A health watchdog has criticised Northland DHB over a series of failures leading up to the death of a 69-year-old man who vomited blood for three days before collapsing.

The man, known as Mr B in a Health and Disability Commissioner report into his care, was admitted to Whangarei Hospital emergency department at 2:55am on a Saturday in mid-2009 with suspected coronary problems.

Doctors admitted him to a medical ward at 1:30pm the following day after he started experiencing blood-tinged vomiting.

He was diagnosed with a upper gastrointestinal bleed and referred for a gastroscopy to examine his oesophagus, stomach and intestine.


A doctor who assessed him on Monday confirmed his diagnosis and the plan for a gastroscopy despite the man vomiting increasingly large amounts of blood.

On Tuesday he began throwing up "foul" faecal smelling vomit in a shower before collapsing and dying.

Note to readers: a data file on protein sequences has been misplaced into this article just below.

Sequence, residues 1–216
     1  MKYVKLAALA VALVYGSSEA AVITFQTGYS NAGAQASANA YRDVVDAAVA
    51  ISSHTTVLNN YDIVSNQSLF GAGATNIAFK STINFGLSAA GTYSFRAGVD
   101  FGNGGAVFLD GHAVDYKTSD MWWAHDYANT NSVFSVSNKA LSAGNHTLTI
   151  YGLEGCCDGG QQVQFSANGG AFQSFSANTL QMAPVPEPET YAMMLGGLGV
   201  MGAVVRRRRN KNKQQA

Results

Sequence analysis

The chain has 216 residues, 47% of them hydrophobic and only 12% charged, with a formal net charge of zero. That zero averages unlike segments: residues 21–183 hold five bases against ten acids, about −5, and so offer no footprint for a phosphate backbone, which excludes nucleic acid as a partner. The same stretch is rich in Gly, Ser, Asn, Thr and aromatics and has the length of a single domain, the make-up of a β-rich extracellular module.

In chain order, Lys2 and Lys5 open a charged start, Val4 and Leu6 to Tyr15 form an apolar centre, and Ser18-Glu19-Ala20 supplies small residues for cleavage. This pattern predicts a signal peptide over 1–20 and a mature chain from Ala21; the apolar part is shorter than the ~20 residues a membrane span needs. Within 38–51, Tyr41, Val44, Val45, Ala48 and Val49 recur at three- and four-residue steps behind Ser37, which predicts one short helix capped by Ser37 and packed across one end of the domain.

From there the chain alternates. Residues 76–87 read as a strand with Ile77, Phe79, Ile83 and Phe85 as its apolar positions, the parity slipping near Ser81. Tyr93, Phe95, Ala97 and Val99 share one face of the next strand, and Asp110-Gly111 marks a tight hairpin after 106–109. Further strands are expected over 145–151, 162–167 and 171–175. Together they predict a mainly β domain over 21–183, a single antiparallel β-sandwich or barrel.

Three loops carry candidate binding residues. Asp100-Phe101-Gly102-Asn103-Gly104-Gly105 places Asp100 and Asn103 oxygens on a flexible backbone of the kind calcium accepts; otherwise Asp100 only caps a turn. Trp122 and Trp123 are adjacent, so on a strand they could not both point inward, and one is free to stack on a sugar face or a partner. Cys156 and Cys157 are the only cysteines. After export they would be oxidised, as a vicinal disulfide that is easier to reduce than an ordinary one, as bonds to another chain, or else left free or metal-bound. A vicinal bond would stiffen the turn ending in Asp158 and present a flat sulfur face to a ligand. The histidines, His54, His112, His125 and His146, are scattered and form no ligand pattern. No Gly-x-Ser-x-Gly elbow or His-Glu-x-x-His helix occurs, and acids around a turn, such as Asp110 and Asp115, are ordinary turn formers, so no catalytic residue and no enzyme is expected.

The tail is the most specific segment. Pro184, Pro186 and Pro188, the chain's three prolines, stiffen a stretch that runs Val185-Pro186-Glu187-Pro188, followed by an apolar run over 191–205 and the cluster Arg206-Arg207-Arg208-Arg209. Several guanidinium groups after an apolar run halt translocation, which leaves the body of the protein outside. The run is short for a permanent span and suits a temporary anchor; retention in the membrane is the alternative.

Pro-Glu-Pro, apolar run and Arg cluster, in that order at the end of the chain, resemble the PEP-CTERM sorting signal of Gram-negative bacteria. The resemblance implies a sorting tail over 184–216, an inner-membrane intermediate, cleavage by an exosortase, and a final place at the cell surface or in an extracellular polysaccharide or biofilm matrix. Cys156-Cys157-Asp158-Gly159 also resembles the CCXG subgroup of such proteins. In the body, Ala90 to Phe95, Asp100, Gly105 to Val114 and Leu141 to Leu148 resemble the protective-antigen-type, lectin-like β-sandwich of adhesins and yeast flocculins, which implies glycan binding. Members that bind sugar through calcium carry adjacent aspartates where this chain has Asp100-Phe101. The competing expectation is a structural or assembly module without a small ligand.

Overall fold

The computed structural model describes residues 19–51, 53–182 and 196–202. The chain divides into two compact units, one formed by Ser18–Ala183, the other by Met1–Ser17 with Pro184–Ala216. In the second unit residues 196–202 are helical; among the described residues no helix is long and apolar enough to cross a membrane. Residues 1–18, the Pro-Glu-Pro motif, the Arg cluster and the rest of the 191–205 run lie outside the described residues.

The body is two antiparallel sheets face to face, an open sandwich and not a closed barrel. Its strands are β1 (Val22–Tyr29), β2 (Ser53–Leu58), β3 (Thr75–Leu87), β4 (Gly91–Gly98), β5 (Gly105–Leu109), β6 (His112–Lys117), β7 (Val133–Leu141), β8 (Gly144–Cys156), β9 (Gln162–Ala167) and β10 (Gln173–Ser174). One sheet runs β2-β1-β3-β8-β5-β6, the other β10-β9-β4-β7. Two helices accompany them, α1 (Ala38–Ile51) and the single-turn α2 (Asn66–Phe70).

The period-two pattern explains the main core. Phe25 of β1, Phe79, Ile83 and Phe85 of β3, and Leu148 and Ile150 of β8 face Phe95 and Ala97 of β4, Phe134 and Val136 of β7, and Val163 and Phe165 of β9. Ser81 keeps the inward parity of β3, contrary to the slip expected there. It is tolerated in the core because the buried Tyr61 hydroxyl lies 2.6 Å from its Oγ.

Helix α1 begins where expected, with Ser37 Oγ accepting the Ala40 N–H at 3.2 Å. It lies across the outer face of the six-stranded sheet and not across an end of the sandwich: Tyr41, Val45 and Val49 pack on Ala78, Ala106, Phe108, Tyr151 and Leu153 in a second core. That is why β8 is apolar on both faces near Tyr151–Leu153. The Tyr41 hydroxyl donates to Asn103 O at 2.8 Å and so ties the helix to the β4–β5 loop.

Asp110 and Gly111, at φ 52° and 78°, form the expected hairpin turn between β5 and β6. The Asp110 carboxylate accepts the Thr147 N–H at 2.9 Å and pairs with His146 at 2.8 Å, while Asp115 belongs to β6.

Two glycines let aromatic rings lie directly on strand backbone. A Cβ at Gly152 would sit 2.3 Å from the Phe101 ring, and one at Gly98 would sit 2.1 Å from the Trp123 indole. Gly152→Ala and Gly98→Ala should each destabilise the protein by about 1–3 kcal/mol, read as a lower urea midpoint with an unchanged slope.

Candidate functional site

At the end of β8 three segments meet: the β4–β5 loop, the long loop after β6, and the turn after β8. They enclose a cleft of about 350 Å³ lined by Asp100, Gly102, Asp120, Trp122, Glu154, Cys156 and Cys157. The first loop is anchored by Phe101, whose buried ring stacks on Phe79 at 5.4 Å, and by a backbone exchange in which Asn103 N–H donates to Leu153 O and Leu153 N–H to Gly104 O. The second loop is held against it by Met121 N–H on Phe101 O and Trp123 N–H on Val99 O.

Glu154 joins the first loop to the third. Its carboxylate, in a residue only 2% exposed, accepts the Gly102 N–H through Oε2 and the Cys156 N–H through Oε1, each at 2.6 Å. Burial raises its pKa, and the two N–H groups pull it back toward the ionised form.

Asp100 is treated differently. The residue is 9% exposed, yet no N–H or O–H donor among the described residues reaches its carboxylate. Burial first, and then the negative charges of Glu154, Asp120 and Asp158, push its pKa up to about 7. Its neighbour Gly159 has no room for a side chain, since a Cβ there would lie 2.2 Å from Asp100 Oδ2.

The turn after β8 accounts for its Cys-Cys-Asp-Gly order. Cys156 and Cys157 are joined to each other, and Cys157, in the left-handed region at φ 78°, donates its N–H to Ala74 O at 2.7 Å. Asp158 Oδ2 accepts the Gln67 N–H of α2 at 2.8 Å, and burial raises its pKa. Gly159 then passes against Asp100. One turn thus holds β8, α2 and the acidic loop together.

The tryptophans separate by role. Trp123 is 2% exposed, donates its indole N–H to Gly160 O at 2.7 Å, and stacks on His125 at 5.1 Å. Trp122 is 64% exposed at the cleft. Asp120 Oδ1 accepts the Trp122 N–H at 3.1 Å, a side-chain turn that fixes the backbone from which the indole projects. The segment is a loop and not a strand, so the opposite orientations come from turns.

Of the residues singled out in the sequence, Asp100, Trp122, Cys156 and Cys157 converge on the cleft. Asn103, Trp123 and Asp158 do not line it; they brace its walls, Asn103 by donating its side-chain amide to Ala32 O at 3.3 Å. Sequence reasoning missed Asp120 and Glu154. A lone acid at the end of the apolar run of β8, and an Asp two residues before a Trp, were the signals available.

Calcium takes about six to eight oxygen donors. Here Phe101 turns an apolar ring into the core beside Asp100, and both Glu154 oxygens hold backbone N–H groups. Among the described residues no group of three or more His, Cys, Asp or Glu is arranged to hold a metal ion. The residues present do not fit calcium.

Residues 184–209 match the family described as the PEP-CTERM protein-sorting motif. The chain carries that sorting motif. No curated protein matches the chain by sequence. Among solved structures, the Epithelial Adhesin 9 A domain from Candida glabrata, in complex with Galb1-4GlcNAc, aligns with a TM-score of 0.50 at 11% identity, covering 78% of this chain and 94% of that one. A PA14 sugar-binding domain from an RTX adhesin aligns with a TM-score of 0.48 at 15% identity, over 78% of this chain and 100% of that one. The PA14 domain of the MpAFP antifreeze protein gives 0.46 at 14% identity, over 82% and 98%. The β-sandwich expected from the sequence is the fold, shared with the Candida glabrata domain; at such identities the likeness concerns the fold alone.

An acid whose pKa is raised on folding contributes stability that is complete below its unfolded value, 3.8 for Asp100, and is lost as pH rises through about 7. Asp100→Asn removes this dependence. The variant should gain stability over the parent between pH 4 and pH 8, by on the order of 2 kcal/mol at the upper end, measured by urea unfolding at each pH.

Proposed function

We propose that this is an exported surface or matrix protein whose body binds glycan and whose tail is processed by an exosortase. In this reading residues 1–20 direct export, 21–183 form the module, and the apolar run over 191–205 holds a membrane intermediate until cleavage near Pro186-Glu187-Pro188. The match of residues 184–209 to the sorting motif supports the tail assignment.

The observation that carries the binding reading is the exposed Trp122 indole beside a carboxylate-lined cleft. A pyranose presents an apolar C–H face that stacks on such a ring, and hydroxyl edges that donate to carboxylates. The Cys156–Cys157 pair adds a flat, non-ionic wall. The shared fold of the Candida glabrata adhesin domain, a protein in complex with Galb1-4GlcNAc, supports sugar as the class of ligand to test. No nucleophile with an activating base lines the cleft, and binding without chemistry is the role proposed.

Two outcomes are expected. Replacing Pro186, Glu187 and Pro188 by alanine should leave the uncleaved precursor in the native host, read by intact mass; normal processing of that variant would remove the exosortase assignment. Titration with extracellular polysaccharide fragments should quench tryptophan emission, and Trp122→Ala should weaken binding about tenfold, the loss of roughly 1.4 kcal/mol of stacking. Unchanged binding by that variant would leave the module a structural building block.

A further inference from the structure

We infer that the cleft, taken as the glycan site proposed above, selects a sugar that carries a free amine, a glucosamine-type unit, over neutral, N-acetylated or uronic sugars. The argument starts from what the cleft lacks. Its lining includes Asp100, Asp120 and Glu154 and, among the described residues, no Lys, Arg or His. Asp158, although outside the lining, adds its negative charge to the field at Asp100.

His cause of death was listed as cardiac arrest caused by a "massive" gastrointestinal bleed.

Health and Disability Commissioner Anthony Hill said the care provided by Northland DHB showed a "moderately severe" breach of required standards.

The doctor in charge of the man's care, known as Dr A, persisted with the diagnosis of gastrointestinal bleeding despite indications his condition was not typical.

"Dr A missed several opportunities to question and review his diagnosis and to consider the appropriateness of further clinical investigations. In my opinion, Dr A did not provide services to Mr B of an appropriate standard."

Northland DHB was guilty of not having clear guidelines or clinical criteria for gastroscopy referral, Mr Hill said.

"The care provided by the DHB was suboptimal, highlighted systems issues, and was a moderately severe departure from expected standards."

The DHB was given a series of recommendations, including orders to improve its gastroscopy referral system and train staff in keeping an open mind when a patient's symptoms do not fit their diagnosis.